Some MPs suggested that it is solely a U.S. issue given no change to the Canadian landscape, that the debate is settled in Canada, and that women’s rights deserve to be protected.

“I have always been the person that says it’s a woman’s right. That’s who I am,” said Ontario Conservative MP and Chair of the House Status of Women Committee Karen Vecchio.

Though, not all in the party feel the same. Social conservative and self-described “human rights defender” Alberta MP Arnold Viersen said he believes “human rights begin when the human begins.”

“I should know I have five children, human beings begin at conception,” he told reporters, adding that from his perspective “the debate has never been closed.”

Defending the leaked email, Bergen said in a statement that the basis for her instruction to caucus was because in her view: “It would be inappropriate to comment on matters before the U.S. Courts.”

“When it comes to the debate in Canada, Conservatives’ position remains what it has been since the Harper government. Access to abortion was not restricted under Prime Minister Stephen Harper, and the Conservative Party will not introduce legislation or reopen the abortion debate,” Bergen said, noting it is a topic the party allows free votes on.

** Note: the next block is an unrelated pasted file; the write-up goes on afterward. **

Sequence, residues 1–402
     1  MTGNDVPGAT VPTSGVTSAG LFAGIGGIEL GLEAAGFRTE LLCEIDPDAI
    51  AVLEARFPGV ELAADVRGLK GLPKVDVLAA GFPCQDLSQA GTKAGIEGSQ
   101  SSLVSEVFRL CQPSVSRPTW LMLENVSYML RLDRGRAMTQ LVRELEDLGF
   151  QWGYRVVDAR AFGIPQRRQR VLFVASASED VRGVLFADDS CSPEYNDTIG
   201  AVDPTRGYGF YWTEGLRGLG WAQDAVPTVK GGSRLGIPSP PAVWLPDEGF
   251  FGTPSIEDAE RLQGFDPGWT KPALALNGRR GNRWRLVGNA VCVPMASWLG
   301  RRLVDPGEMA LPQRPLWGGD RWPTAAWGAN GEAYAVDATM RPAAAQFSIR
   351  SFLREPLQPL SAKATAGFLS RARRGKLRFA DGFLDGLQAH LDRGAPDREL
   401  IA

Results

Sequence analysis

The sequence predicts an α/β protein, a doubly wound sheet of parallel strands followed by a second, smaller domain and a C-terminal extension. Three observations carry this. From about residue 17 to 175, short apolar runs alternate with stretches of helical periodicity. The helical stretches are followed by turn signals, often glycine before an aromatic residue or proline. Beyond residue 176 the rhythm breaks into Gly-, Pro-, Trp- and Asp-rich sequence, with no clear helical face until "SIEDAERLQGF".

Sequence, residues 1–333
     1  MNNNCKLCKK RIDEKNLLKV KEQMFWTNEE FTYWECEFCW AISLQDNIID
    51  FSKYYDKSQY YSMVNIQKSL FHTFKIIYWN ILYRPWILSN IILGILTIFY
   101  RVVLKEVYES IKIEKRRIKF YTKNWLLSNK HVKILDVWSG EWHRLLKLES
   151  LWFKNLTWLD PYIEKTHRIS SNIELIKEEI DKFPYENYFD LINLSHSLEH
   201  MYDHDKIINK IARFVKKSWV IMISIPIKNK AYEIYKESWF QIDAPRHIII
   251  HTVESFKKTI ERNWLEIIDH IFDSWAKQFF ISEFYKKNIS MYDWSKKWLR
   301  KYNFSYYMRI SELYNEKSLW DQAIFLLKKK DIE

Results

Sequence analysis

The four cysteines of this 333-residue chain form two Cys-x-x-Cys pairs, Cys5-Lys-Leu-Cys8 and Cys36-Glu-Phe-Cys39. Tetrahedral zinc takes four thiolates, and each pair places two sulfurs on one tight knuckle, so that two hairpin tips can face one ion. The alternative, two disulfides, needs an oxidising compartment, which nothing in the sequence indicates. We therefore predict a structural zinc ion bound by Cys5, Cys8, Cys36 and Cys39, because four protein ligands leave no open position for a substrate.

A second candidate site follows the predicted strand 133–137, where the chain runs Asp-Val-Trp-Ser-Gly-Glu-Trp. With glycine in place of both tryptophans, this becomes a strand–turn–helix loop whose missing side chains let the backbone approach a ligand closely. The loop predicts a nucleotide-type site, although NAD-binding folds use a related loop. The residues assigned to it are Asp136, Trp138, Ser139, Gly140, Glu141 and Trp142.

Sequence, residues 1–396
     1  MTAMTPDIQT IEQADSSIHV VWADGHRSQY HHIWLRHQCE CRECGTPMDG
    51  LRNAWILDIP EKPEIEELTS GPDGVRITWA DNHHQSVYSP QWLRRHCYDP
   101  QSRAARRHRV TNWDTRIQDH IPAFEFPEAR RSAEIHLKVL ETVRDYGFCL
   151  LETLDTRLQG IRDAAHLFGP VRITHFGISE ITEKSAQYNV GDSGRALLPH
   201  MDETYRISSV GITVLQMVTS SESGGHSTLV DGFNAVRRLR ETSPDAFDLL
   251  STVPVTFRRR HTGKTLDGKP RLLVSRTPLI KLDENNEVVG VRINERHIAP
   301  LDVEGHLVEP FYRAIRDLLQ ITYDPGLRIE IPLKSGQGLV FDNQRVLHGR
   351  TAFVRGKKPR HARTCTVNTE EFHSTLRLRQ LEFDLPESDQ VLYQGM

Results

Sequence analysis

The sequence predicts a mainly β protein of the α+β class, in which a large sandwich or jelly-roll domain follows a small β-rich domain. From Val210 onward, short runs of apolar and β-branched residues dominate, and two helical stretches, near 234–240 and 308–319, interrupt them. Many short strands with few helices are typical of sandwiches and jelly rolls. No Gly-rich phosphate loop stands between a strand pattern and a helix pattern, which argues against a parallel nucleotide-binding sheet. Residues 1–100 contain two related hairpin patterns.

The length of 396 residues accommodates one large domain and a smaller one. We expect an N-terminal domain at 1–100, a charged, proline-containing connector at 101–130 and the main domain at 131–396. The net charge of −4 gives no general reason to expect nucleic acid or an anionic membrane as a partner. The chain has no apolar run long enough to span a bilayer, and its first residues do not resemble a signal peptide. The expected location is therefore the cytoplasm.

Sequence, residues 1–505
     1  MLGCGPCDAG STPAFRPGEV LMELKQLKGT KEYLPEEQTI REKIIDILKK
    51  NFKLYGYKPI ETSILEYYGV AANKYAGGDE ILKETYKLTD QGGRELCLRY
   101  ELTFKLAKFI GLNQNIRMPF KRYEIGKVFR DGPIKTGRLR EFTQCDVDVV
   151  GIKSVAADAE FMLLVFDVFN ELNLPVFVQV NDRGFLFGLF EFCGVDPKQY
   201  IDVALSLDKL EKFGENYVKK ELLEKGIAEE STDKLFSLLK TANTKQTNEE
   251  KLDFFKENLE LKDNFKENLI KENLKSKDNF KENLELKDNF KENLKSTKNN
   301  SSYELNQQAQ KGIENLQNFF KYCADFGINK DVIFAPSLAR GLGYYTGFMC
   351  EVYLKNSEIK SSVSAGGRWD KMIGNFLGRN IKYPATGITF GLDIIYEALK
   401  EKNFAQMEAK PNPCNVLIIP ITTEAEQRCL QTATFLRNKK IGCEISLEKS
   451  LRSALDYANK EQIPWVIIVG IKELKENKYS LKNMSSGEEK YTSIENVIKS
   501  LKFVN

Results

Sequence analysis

NDP Leader Jagmeet Singh also weighed in on the U.S. Supreme Court draft opinion in a press conference earlier Tuesday, calling the situation “deeply concerning.”

“We know that when abortion rights are denied or when abortion services are denied, the result is women die,” he said.

While Singh says Canada’s abortion law is secure, he said there is an issue of access and the government should be increasing health transfers to improve overall services. He said the government should also be withholding additional funding from provinces who are falling short on providing adequate access, something the federal government has done with New Brunswick.

“If you live in a community where there is no abortion services, no clinic you can go to, hospitals that don’t provide that service or limited access to hospitals, it means for women that they’ve got to go very far distances to get that service and that lack of access really undermines the right being there,” he said.

“That’s where we should be putting our efforts.”

Following question period in the House of Commons Tuesday, Bloc Quebecois MP Christine Normandin attempted to move a voice-vote on a unanimous consent motion stating “that the House reiterate that a woman’s body belongs to her and her alone, and recognize her freedom of choice on abortion for any reason.”

It failed after the House Deputy Speaker Chris D’Entremont said he heard “a number” of MPs say “no.”

“We have to keep fighting because one moment of inattention can set us back for decades,” Normandin said in the House.

With a file from CTV News’ Kevin Gallagher, and CNN